Concerned about APOB

Hi everyone,

I have just started taking Rapamycin (currently 2mg/week, working up to 4mg/week - I am female)

I had all baseline tests done prior to starting. My APOB concerns me, it is 114 mg/dL, which is much higher than I’d like.

As far as other risk factors go:

  • I’m 55YO;
  • I have very good blood pressure;
  • I don’t smoke;
  • HOMA-IR score is 0.8 (although I do have higher morning blood glucose);
  • I exercise and have gone as far as I can go in improving diet;
  • I am a healthy weight.

I’d love some advice in relation to the possibility of introducing a medical intervention, since I’m concerned about Rapamycin potentially worsening hyperlipidemia.

Am I panicking prematurely?

I’m thinking that the path of least resistance might be trying some Ezetimibe initially.

Also worried that a statin may increase my blood sugar.

Would you introduce a statin if you were me, given my stats?

What are others doing to reduce APOB?

Any advice is greatly appreciated

cheers

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FWIW I would use nician to start.

Then look at other less toxic compounds than a statin.

Review

Niacin: another look at an underutilized lipid-lowering medication

Attached is a PDF copy of the paper.

2012R117CreideretalNiacinanotherlook22349076.pdf (790.4 KB)

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@Joseph thank you for this information.

Is there a recommended dosage (for female)?
Should it be taken with food or at a certain time of day?

Also, did I read that correctly that it may make blood glucose issues worse?

I have issues with blood glucose, so I don’t want to rock the boat in that area.

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Attached is a PDF copy of a book. Should answer current and future questions.

Niacin: the Real Story: Learn about the Wonderful Healing Properties of Niacin

Niacin The Real Story Learn about the Wonderful Healing Properties of Niacin (Abram Hoffer, Andrew Saul, Harold Foster).pdf (1.3 MB)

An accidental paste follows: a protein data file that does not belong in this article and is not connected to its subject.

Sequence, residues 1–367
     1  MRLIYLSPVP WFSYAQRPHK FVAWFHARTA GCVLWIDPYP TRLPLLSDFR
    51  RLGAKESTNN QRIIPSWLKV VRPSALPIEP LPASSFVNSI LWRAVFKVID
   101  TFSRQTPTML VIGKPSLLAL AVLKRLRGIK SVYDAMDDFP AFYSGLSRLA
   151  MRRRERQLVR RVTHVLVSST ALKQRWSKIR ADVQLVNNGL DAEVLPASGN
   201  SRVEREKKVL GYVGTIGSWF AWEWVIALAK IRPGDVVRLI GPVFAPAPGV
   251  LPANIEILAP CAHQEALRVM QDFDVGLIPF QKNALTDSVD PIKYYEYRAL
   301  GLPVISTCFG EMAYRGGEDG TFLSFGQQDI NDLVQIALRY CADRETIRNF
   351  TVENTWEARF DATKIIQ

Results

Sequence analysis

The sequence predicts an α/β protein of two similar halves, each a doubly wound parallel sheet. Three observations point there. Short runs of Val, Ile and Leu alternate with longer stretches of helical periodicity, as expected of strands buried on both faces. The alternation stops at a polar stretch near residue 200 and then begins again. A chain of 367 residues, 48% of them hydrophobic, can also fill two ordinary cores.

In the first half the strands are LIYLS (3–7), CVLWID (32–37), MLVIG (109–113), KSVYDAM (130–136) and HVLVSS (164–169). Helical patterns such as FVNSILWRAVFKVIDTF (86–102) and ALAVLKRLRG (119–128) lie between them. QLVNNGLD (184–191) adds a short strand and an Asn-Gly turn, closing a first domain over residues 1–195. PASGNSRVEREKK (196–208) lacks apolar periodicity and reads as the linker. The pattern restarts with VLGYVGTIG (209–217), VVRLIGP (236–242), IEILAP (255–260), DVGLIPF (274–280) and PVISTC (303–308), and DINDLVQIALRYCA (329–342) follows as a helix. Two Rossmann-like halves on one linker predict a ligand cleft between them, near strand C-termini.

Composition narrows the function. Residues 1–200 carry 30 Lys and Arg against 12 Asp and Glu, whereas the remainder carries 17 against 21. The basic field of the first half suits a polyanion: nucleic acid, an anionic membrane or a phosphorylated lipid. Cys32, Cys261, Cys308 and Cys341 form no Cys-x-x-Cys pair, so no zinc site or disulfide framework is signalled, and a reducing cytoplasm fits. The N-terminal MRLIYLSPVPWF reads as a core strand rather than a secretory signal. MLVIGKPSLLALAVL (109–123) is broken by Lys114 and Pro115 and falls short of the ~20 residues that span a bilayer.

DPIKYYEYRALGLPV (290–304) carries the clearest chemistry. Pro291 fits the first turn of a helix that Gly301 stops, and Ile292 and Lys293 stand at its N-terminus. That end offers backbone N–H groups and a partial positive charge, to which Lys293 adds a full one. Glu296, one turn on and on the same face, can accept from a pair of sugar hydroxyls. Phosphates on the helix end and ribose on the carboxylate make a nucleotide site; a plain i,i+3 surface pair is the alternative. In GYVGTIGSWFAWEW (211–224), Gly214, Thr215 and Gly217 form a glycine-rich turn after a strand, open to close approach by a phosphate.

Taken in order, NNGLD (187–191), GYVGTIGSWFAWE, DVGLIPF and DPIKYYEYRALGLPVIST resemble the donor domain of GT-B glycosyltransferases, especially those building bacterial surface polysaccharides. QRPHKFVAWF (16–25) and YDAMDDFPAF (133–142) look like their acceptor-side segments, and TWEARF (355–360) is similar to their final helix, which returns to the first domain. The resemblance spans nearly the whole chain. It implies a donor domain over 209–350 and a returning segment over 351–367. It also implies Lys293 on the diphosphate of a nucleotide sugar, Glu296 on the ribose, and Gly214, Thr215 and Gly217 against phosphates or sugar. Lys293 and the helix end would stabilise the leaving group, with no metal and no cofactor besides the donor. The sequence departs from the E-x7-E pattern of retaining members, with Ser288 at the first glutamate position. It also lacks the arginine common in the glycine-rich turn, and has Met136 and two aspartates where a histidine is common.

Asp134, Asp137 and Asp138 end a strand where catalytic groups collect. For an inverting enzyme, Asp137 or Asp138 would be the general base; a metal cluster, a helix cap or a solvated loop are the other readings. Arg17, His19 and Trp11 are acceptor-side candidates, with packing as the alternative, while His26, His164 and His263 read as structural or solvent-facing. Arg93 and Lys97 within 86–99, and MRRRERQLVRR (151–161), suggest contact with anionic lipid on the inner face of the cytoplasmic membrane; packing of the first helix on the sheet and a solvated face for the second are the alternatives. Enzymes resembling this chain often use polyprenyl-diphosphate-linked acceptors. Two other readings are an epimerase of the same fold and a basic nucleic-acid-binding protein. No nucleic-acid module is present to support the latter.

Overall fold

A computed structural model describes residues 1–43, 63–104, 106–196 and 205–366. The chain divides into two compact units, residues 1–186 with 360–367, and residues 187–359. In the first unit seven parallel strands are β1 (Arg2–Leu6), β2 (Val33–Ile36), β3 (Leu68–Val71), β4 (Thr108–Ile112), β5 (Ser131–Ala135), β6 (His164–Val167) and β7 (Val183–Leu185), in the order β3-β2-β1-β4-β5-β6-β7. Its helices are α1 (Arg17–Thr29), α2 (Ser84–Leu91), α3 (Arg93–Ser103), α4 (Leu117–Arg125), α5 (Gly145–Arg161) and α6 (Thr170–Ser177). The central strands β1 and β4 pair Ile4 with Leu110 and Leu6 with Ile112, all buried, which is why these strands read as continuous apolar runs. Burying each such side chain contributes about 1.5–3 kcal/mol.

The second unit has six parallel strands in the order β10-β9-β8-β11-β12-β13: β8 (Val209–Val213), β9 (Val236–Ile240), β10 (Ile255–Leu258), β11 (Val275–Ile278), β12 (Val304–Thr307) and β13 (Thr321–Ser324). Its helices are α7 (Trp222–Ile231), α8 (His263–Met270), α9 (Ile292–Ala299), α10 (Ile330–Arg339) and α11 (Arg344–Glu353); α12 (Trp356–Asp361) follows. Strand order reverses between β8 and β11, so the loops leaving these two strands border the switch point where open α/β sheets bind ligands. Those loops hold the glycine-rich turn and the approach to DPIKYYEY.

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I have observed (here) that some people see their lipids worsen with rapamycin, while others experience a clear improvement. Either 1) rapamycin doesn’t fit with some people, for some reason, or 2) the dose must be adapted and can vary from person to person, or 3) the worsening of lipids accompanying rapamycin is benign and can be ignored.

I am not knowledgeable, I cannot recommend anything, but if it were for me, I wouldn’t accept 3) based on the evidence I was able to gather. So, I would try 2) and vary the dose and the interval (rather lower doses and longer intervals…). And if it doesn’t lead to a bettering, I would accept 1) and let it be, at least for a while. Maybe there is nevertheless something in your diet or lifestyle that disagrees, and that can change, or someone can elucidate it next month. If anything changes in your life, a new test with rapamycin would be appropriate.

Another thought: if your lipids don’t get better a couple months after having stopped rapamycin, you’ll know that rapamycin is “innocent” and you’ll can take it with good conscience (also at other doses than those already tested, which might help).

And if nothing helps, I would start with lycopene

Our meta-analysis suggests that lycopene taken in doses ≥25 mg daily is effective in reducing LDL cholesterol by about 10% which is comparable to the effect of low doses of statins in patient with slightly elevated cholesterol levels.

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With no other risk factors you could consider either amla or citrus bergamot. Amazon has both.
In the absence of other risk factors you don’t really need to intervene unless the level is greater than 130.
You could consider a coronary artery calcium score to ease your mind some.

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Seems like a low dose to cause such a strong dysregulation (don’t know pre rapamycin APOB).

Re your stats, how about the rest of your lipids panel pre and post rapamycin?

And as mentioned by @rivasp12, and discussed in other threads, consider getting a coronary CT calcium scan to baseline your journey. Not just for rapamycin, but for all current/future intervention(s) CVD risks.

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Similar (55 yo female, higher than ideal ApoB, LDL, particle number etc, BP 110/70, CAC =0, HOMA-IR 0.4, BMI 19). There is no downside and very likely upside to reducing LDL-C, ApoB etc, and statins are a great option for most people. Talk to your doctor. I am doing great on pravastatin 40 (a bit of trial and error, didn’t tolerate rosuvastatin well) and apoB came down from 120 to 86. Just started rapamycin 6mg/wk and curious to see how it will impact lipid profile. i also recommend getting a calcium score (CAC). No need to panic!